devastating health consequences and risks associated with poverty. In a similar vein, the United Nations (UN) defines poverty as 'a condition characterized by severe deprivation of basic human needs including food, health, shelter, education, and information. It depends not only on income but also on access to services' (UN, 1999: 57; quoted in Spicker 1999, p. 232). Furthermore, Spicker (1999), opined that poverty has different meanings 'linked through a series of resemblances', he identified 12 clusters of meanings to poverty. The first is that poverty is a 'material concept', which means that people are poor because they lack the basic needs of life like shelter, food, clothing and water. The second meaning is that poverty is a pattern of deprivation; by this he means that it is not just as a result of lack of needs but the 'pattern of deprivation' and duration of time in which the deprivation persists. The third meaning is that poverty is associated with limited resources; that is, the unavailability of adequate income and resources to meet ones 'essential needs'. This is particularly true of Nigeria because for instance, there are poor people that can barely afford to pay for transportation to the hospital even if they would get free medical care/service. The fourth definition or meaning according to Spicker is that poverty is as a result of one's economic circumstances caused by low disposable income. Similarly, the fifth meaning sees poverty as a result of low standard of living of individuals or families falling below acceptable standard or level. Inequality is the sixth meaning of poverty. According to Spicker, people are said to be poor because 'they are disadvantaged when compared to others in the society' who are living in wealth and opulence. The seventh meaning which is similar to the sixth is that poverty is defined in terms ones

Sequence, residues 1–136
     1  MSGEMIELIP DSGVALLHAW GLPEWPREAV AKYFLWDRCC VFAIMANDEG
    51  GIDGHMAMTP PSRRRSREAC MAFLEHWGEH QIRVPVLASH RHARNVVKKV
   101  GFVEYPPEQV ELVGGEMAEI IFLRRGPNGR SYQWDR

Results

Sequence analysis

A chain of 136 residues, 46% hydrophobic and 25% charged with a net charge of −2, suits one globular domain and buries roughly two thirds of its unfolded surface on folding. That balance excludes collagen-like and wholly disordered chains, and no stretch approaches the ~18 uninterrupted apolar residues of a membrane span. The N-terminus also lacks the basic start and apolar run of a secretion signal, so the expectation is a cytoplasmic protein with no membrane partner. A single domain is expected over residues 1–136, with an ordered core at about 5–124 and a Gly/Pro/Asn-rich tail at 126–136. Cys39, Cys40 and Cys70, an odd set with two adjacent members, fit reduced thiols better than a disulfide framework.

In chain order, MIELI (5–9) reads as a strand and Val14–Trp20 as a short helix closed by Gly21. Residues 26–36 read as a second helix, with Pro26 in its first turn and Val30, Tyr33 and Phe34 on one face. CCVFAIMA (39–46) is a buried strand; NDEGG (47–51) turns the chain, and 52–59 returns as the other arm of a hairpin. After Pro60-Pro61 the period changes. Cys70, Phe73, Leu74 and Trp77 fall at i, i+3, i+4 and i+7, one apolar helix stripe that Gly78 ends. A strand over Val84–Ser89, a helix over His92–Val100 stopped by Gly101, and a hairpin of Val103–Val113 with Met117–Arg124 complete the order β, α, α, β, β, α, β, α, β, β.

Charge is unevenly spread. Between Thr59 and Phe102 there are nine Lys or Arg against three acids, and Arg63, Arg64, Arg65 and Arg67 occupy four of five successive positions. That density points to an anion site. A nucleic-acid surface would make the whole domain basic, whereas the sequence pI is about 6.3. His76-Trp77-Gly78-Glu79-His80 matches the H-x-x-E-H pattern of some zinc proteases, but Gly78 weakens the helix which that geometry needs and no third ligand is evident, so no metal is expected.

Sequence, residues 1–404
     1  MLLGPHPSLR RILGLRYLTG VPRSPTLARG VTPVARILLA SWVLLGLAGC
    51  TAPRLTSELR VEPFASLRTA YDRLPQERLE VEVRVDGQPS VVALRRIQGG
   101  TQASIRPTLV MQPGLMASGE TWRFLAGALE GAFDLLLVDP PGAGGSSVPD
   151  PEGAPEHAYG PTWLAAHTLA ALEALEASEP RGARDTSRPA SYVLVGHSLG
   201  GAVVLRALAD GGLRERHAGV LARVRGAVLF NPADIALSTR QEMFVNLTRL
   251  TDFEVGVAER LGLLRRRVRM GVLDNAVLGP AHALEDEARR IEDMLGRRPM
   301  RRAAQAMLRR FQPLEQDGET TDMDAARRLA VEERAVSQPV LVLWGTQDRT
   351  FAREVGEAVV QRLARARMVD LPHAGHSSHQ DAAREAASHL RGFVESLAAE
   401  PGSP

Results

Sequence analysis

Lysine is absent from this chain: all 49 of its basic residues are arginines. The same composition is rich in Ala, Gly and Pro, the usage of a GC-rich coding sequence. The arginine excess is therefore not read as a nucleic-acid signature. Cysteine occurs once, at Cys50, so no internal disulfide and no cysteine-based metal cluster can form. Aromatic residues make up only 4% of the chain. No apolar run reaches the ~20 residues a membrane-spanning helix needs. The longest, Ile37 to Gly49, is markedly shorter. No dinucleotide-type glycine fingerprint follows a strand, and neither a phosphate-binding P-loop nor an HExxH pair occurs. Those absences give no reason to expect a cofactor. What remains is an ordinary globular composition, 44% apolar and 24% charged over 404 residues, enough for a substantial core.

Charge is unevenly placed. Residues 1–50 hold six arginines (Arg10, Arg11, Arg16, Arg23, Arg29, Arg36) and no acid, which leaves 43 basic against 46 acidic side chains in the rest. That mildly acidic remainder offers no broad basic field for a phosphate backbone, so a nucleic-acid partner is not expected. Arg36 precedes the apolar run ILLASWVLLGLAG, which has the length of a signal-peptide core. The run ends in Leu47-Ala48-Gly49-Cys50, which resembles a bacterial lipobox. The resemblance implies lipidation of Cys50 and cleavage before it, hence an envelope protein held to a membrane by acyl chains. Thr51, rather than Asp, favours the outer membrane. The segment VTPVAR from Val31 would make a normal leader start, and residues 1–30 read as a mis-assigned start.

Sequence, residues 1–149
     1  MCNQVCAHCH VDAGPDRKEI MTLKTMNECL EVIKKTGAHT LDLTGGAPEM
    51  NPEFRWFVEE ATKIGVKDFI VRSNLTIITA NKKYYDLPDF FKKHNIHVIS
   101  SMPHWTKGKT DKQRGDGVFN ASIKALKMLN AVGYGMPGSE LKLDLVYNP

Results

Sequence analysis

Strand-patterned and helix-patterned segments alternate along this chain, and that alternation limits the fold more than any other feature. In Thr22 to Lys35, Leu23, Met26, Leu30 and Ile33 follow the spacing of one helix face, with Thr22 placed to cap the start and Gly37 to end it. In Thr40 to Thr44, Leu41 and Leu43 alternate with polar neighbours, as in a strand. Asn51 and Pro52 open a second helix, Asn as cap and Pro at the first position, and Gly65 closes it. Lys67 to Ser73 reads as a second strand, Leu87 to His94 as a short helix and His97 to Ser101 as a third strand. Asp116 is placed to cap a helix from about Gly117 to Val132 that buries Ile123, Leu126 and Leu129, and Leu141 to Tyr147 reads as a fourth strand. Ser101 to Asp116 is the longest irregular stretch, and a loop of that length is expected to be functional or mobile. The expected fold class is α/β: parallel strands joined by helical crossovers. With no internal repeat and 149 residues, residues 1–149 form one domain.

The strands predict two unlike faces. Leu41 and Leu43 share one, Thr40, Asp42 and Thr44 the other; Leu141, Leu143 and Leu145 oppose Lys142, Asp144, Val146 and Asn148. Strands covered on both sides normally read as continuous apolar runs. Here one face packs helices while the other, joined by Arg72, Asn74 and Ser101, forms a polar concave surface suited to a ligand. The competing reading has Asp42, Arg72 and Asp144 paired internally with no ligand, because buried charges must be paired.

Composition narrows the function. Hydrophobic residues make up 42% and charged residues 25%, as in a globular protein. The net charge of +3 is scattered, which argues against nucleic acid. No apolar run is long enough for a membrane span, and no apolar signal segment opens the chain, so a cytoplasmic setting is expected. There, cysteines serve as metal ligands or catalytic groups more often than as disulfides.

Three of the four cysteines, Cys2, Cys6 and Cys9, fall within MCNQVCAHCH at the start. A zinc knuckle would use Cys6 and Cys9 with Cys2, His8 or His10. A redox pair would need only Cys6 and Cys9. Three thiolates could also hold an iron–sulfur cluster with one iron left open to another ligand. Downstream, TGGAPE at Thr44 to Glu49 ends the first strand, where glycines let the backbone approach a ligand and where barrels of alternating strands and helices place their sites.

socio-economic class and position in the society. According to Spicker, the social stratification of the society placed some members in a higher position/class and others in lower position/class that have poor means of livelihood and have little or nothing to cater for their needs. Similarly, dependency, lack of basic security and exclusion are the eighth, ninth and tenth meaning of poverty. The eleventh meaning is Lack of Entitlements; according to Spicker, people are poor and hungry not because there is no food, but because they cannot afford to buy the food that exists. The twelfth and last meaning of poverty according to Spicker is that it is a moral judgment. Piachaud, 1981 quoted in Spicker, 1999 puts it thus; 'poverty consists not just of hardship but of unacceptable hardship…, it carries with it an implication and moral imperative that something should be done about it. Its definition is a value judgment and should be clearly seen to be so'. The twelve clusters of meaning of poverty have to do more with the way the term is used by different people 'rather than with the elements of definitions' (Spicker 1999, p. 238). Shillington, et al (2009, p. 2) defined poverty as 'a human condition characterized by sustained or chronic deprivation of the resources, capabilities; choices, security and power necessary for the enjoyment of an adequate standard of living and other civil, cultural, economic; political and social rights'. In summary, poverty is defined in this study as a condition of acute deprivation preventing a person from living a life of adequate wellbeing. The following different definitions bring to fore the different perspectives and understanding of what the concept of poverty is all about. As a result, it will be germane to further espouse on the meaning of this concept of poverty by explaining four different approaches which are;